|Dale Evans and Roy Rogers|
➦In 1911...singing cowboy Roy Rogers was born Leonard Slye in Cincinnati. He starred in 85 Republic Pictures westerns, and headed up his own adventure show on radio beginning in 1944. The Roy Rogers Show moved to TV in 1957, and wife Dale Evans was added to the title in 1962. He died July 6, 1998 of congestive heart failure at age 86.
➦In 1946...This ad appeared in the NY Times...
➦In 1948...Jack Sterling starts at WCBS 880 AM.
The show was one of the last radio programs to offer live music -- by a quintet occasionally joined by the host's drumming. Mr. Sterling succeeded Arthur Godfrey in the local show when that humorist joined the CBS network.
Sterling, a six-footer with a trim mustache and contagious laugh, described his style this way: "It isn't pleasant for most people to get up early in the morning, so we use the undersell, quiet approach."
He appeared in vintage hits and worked up a minstrel routine. At age 24, he turned to radio, working for stations in Peoria and Quincy, Ill.; St. Louis; Bridgeport, Conn., and Chicago. He worked for CBS and its affiliates for 25 years and retired in 1979.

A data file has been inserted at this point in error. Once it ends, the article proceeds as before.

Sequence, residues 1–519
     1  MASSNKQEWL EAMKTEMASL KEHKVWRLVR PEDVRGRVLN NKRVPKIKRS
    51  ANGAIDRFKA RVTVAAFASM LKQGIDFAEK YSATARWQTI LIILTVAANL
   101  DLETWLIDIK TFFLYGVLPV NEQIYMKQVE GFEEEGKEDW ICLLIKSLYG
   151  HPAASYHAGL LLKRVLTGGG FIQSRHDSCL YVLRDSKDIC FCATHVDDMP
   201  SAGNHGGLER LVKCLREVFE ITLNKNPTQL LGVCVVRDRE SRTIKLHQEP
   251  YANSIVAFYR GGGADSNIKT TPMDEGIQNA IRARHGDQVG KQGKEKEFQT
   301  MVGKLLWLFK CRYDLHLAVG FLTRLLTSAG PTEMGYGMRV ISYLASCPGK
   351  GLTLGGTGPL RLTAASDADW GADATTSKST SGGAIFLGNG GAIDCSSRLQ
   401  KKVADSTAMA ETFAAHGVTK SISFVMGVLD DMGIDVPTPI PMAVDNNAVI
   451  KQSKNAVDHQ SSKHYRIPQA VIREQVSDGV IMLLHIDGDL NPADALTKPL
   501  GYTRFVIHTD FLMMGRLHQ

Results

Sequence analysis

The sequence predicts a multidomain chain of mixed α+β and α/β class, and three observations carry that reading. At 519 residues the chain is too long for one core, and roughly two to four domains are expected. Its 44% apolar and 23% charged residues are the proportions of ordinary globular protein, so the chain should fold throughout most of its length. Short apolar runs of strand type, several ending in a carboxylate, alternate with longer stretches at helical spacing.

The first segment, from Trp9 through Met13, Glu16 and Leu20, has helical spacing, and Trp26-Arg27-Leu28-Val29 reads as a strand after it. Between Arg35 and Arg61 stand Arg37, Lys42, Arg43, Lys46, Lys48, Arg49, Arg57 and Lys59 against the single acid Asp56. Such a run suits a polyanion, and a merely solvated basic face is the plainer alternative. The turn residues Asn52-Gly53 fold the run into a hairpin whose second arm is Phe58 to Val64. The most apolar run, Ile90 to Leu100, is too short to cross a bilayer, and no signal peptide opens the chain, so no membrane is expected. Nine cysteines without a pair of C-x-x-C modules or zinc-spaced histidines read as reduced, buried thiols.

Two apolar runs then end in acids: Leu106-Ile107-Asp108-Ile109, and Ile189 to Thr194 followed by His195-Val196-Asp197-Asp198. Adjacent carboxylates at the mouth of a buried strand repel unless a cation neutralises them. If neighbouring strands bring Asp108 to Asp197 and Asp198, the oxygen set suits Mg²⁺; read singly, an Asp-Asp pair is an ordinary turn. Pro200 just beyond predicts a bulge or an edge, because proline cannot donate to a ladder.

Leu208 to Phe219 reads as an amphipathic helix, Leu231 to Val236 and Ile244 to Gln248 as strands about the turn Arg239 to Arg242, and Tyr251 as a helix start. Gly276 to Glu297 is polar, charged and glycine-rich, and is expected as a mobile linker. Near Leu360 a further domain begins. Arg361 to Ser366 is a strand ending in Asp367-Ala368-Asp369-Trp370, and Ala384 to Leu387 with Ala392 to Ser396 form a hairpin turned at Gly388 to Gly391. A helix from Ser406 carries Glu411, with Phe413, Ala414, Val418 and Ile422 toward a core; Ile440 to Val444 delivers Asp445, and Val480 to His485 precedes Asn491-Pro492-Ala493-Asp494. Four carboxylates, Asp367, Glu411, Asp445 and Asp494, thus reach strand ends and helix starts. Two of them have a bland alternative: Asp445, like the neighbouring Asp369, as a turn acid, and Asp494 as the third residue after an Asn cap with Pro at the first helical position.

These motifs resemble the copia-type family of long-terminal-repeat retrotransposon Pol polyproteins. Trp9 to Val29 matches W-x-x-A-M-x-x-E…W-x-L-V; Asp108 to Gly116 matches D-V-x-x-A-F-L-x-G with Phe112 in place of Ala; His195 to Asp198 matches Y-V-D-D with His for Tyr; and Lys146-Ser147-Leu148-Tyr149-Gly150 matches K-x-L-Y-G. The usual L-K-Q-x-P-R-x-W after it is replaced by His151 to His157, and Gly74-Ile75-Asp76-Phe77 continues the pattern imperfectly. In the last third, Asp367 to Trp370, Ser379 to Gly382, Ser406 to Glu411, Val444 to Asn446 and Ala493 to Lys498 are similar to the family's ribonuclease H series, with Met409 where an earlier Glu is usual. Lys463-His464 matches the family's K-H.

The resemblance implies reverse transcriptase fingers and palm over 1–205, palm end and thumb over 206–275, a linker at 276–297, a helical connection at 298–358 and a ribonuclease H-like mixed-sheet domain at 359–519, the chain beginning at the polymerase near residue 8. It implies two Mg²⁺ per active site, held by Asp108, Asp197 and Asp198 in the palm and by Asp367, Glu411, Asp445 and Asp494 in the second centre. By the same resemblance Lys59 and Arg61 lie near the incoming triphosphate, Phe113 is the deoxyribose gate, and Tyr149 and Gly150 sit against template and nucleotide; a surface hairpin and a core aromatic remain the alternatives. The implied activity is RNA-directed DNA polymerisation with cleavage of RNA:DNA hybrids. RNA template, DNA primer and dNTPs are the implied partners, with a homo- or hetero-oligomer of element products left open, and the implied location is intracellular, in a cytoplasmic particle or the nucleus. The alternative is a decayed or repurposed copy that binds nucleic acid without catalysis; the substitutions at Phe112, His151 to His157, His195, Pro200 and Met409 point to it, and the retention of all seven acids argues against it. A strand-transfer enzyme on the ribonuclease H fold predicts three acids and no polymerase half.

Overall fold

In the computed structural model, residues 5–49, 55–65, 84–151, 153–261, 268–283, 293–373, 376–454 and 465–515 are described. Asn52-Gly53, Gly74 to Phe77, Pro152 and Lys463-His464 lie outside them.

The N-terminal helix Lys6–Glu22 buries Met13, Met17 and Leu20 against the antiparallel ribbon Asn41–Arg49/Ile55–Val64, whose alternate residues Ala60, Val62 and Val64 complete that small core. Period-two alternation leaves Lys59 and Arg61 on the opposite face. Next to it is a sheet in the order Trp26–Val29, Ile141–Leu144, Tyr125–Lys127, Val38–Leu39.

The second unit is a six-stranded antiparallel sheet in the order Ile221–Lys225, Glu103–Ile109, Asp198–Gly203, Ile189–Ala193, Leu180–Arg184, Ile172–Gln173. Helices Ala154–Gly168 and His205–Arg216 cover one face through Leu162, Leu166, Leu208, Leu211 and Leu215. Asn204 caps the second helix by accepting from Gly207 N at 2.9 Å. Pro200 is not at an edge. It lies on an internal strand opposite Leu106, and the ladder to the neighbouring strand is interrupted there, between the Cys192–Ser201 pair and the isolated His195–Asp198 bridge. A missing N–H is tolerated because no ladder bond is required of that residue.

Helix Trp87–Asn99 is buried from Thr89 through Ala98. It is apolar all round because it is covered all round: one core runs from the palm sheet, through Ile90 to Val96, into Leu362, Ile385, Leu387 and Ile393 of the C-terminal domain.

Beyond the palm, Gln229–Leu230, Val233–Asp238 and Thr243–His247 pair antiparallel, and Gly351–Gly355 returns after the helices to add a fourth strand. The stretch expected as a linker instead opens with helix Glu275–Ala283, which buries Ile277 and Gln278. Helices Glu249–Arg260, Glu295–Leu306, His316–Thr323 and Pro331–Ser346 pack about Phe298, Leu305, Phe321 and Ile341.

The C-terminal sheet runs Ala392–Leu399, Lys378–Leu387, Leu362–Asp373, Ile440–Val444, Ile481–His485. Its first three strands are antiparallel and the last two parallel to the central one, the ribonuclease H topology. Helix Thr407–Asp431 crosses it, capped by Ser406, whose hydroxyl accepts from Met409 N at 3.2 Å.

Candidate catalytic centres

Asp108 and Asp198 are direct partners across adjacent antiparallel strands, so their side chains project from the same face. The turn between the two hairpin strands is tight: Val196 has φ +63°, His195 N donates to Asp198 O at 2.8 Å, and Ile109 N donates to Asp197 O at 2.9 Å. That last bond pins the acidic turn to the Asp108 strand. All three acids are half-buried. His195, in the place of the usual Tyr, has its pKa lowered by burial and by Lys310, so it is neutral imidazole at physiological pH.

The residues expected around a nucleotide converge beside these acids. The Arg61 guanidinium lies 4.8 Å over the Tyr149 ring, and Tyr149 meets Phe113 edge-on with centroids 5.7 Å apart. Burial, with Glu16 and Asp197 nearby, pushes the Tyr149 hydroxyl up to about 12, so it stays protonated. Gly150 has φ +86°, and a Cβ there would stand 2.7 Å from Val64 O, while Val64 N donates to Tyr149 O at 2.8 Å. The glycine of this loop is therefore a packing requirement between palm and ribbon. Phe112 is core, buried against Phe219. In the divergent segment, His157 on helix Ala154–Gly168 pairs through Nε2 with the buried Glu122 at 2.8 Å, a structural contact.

Sterling died November 1, 1990 at his home in Stuart, Fla. He was 75 years old.
|Tallulah Bankhead, far right|
➦In 1988...The Beach Boys set two records with their latest #1 hit, "Kokomo," which marks the group as having the longest gap between chart-toppers (21 years and ten months from 1966's "Good Vibrations") and the longest stretch of career #1s (dating back to their first, "I Get Around," 24 years and four months earlier).
➦In 2003...singer Bobby Hatfield of the Righteous Brothers, was found dead in a hotel room in Kalamazoo, Michigan, just 45 minutes before the duo was to perform. Hatfield was 63. Cause of death .. an accidental cocaine-induced thrombotic heart attack.
➦In 2011…Veteran radio personality (WEEP-Pittsburgh, WIND-Chicago, WJAS-Pittsburgh, KQV-Pittsburgh, KDKA-Pittsburgh) Perry Marshall died of a heart ailment at 86.
➦In 2014…TV broadcaster (KNSD, KFMB) Larry Hammil, who variously reported features, weather, and sports on San Diego television for 35 years, died of cancer at age 68.